Sandbox eight was sealed off for a good reason, but occasionally someone’s kid would ignore the caution tape and unwittingly wander off and play in it anyway. Seven other sandboxes had been built around sandbox eight in a failed attempt to keep the kids out, but sandbox eight was a siren to the kids, it’s song continued to bring them into the sand until one last child was left in the city, Joey.
Unfortunately, this sandbox could not be destroyed, or the parents of Orinville county would have done so long ago. Short of dropping a nuclear bomb on it, they tried everything. They covered it in cement, set off C4, covered it in mud, built a church on top of it, tried magic spells, and flooded it with water, all for the sandbox to magically reappear minutes later, with whatever obstacle they put in its way miraculously gone.
Joey’s parents had not mentioned the sandbox to him in the hopes he wouldn’t find out and get sucked in like the rest of the children. During the night, though, sandbox eight had called to Joey. Joey had a dream about playing in sandbox eight. In the morning, Joey waited for his father to leave for work, then had managed to crawl out the doggy door and find his way to the sandbox.
Sandra, Joeys mother, woke up a short while after Joey had snuck out. She went to his room, and when he wasn’t there, she called for him. When Joey didn’t respond, she frantically searched the house, and when she still couldn’t find him she called for help.
Sandra called her neighbors Karen and Galen to help look for Joey. She suspected he had run off to the sandbox like the other children, so they headed in that direction.
They got to the sandbox and Sandra saw Joey just in time.
“No, Joey don’t go in. It’s dangerous,” Sandra yelled at Joey as he made his way over to the sandbox.
Joey walked on top of the sand and slowly started sinking.
“Help me pull Joey out,” Sandra shouted as she ran to him and grabbed his arm.
“It’s ok, mommy. The sandbox just wants to play. Let me sink and stay,” Joey shouted excitedly at his mother. Galen and Karen grabbed on to Joey’s other arm and tried to pull him out.
Despite there best efforts, Joey sunk beneath the sand. Sandra kneeled down and cried.
“Why? Why did you take my baby?” Sandra shouted at the sandbox.
“It’s taken all of our children, Sandra. We’re so sorry,” Galen said and patted Sandra on the back.
“We built several other sandboxes. How does this one keep drawing them in?” Sandra asked lugubriously through tears.
“It’s cursed! That’s why we can’t destroy it, it’s cursed. It’s taken all our children because this whole town is cursed, we’re all cursed,” Karen shouted.
“Shut up, Karen. Now’s not the time,” Galen said.
“Cursed,” Karen said one last time while pointing at them before walking off.
“You should call your husband,” Galen said.
Sandra called Jack and explained what happened.
“I’ve got an idea. I’m bringing shovels, we’ll dig him out,” Jack said.
“We’ve tried that before. Nothing works,” Sandra said and started to cry again.
“I’ve got another idea. Don’t go anywhere,” Jack said.
An hour later Jack pulled up to the sandbox in an excavator.
“This damn sandbox is giving us our kid back. And all the other kids too,” Jack shouted.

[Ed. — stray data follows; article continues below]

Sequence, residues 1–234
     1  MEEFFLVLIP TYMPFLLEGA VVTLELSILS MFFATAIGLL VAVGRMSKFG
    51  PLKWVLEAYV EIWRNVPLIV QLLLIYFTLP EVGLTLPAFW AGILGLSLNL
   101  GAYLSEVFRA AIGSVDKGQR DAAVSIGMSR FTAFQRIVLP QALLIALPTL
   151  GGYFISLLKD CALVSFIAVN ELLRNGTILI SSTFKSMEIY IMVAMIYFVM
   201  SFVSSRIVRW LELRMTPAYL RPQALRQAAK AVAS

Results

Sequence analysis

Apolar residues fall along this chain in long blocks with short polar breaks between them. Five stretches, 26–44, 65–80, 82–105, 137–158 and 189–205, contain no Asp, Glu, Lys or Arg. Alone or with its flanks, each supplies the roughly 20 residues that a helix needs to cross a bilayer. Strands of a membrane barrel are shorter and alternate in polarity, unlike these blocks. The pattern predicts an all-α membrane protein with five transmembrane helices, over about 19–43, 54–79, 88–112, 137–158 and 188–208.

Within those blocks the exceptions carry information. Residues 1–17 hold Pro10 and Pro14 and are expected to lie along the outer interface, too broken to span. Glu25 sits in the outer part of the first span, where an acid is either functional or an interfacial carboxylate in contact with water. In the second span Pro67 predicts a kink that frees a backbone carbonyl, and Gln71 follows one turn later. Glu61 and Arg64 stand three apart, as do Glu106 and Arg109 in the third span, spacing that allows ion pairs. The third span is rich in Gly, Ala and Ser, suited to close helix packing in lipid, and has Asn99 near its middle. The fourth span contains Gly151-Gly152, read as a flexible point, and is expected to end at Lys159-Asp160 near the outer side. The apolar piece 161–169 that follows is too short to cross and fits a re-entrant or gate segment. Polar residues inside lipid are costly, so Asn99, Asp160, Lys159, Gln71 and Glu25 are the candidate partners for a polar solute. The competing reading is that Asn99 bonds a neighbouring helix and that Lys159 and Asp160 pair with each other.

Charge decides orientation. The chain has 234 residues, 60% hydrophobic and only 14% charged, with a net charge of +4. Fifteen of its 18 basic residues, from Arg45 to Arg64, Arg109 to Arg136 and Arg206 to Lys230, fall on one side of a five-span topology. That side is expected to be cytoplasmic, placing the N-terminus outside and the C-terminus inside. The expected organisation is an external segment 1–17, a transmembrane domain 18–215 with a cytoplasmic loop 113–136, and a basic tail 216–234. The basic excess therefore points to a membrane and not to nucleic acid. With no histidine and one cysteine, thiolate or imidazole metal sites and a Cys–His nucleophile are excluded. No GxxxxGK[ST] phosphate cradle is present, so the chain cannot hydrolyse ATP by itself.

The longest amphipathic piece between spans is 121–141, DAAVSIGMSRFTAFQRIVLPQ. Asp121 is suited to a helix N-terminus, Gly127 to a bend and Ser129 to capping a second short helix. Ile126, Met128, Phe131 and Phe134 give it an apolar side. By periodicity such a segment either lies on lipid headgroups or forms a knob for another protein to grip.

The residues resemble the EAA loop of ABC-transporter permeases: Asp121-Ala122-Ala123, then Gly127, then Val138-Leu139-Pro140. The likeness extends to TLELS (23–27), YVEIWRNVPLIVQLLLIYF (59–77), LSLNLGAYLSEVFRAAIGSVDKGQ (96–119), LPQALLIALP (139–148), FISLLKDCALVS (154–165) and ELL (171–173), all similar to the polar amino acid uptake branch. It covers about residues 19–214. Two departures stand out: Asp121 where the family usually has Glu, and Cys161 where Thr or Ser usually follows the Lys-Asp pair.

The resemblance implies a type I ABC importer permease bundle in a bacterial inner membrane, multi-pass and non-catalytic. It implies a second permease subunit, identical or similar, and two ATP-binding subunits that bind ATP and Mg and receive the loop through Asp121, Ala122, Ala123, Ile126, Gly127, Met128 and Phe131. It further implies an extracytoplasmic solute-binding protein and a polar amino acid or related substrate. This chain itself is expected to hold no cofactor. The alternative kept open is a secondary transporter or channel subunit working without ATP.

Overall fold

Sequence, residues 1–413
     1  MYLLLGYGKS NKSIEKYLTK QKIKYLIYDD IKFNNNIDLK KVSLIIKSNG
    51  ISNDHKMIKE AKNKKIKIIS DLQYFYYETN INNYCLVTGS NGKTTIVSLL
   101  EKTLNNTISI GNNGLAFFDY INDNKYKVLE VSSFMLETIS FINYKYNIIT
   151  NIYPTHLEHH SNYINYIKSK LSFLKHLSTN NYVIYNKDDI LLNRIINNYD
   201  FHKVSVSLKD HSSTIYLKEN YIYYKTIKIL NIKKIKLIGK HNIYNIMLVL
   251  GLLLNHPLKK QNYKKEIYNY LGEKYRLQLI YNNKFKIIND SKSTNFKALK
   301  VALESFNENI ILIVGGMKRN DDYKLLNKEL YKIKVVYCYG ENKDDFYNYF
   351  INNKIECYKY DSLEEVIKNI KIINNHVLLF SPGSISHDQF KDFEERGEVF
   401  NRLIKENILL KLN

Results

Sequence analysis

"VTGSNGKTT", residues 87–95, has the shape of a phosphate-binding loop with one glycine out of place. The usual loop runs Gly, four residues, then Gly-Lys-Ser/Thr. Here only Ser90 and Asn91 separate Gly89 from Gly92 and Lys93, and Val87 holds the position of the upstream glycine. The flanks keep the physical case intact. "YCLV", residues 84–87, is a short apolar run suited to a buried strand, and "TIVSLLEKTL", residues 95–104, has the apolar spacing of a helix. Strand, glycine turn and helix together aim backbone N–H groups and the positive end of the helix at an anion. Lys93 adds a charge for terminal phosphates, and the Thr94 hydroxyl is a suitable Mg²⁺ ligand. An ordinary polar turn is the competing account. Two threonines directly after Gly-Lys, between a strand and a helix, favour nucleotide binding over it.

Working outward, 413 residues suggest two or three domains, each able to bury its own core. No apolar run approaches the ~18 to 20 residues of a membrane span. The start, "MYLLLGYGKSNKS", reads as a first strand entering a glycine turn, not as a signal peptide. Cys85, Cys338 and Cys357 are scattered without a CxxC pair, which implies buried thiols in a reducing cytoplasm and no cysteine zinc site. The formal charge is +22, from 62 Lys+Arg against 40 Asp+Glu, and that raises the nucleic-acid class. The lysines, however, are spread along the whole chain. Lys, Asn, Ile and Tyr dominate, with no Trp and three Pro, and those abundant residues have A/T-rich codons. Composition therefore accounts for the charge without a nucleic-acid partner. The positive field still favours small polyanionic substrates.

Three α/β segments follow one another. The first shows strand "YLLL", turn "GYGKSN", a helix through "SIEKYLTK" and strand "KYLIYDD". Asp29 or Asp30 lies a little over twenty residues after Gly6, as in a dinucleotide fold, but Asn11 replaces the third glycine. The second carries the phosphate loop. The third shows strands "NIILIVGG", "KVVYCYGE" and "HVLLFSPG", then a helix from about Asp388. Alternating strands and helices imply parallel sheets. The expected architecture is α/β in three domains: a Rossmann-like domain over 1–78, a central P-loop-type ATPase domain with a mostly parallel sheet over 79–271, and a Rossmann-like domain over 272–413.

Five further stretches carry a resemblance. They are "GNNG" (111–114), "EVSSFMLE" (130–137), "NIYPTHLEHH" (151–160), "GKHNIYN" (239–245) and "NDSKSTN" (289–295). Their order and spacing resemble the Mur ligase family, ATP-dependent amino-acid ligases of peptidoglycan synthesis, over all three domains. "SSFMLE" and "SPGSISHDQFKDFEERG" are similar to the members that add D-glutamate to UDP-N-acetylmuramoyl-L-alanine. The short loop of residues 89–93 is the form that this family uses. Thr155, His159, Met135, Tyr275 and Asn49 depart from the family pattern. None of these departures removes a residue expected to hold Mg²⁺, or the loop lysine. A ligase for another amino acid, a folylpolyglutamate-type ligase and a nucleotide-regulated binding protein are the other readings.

Jack used the excavator to move the sand out of the sandbox. He did this for several hours, but the sandbox never seemed to have any less sand, despite a growing mound of sand outside the sandbox.
Sandra had finally told Jack that it was time to go home.
“No, no! I can’t give up on… Joey. Our little boy,” Jack shouted, a tear dripping from his eye.
“If only we had moved sooner. Moved far away from this damned sandbox,” Sandra said.
“We were moving as fast as we could out of here. We had the new house in escrow,” Jack said.
Sandra, Jack, and Galen stood in mourning over the sandbox, wondering where their kids had gone.
“Would you like to see your children again?” The sandbox whispered.
“Did you hear that?” Sandra said.
“I sure did,” Jack said.
“I heard that too,” Galen said.
His face green, black, covered in brass and looking statuesque, Joey rose from the ground.
“Joey?” Sandra asked. Joey nodded, Sandra gasped.
Then Caleb, Galen’s son, looking like Joey rose as well.
“Caleb! It’s been months, where have you been?” Galen asked.
“Come with us,” Joey said and held out his hands for his parents.
“Yes, come with us,” Caleb said.
Sandra and Jack grabbed Joey’s hands. After Galen got over his shock, he grabbed Caleb’s hand.
“Where are we going,” Sandra asked as they all began to sink beneath the sand.
“To a greater plane,” Joey said.
“What kind of plane?” Galen asked.
“A greater one,” Caleb said as they continued sinking beneath the sand
“Maybe this was a bad idea,” Jack said nervously.
“Don’t worry, father. The sandbox knows what’s best. The sandbox knows all,” Joey said.
“Yes, the sandbox is god,” Caleb said before all of their heads were fully immersed in the sand.
Copyright © 1/8/2023 by A.H. Mittelman. All rights reserved.
About the Creator
I love writing and just finished my first novel. I’ve been writing since I was nine. I’m on the autism spectrum but that doesn’t stop me! If you like my stories, click the heart, leave a comment and a tip! Make a pledge! Thanks! Read more!
Very well written. Keep up the good work!
Original narrative & well developed characters
Easy to read and follow
Well-structured & engaging content
Compelling and original writing
Creative use of language & vocab
Niche topic & fresh perspectives
Zero grammar & spelling mistakes
On-point and relevant
Writing reflected the title & theme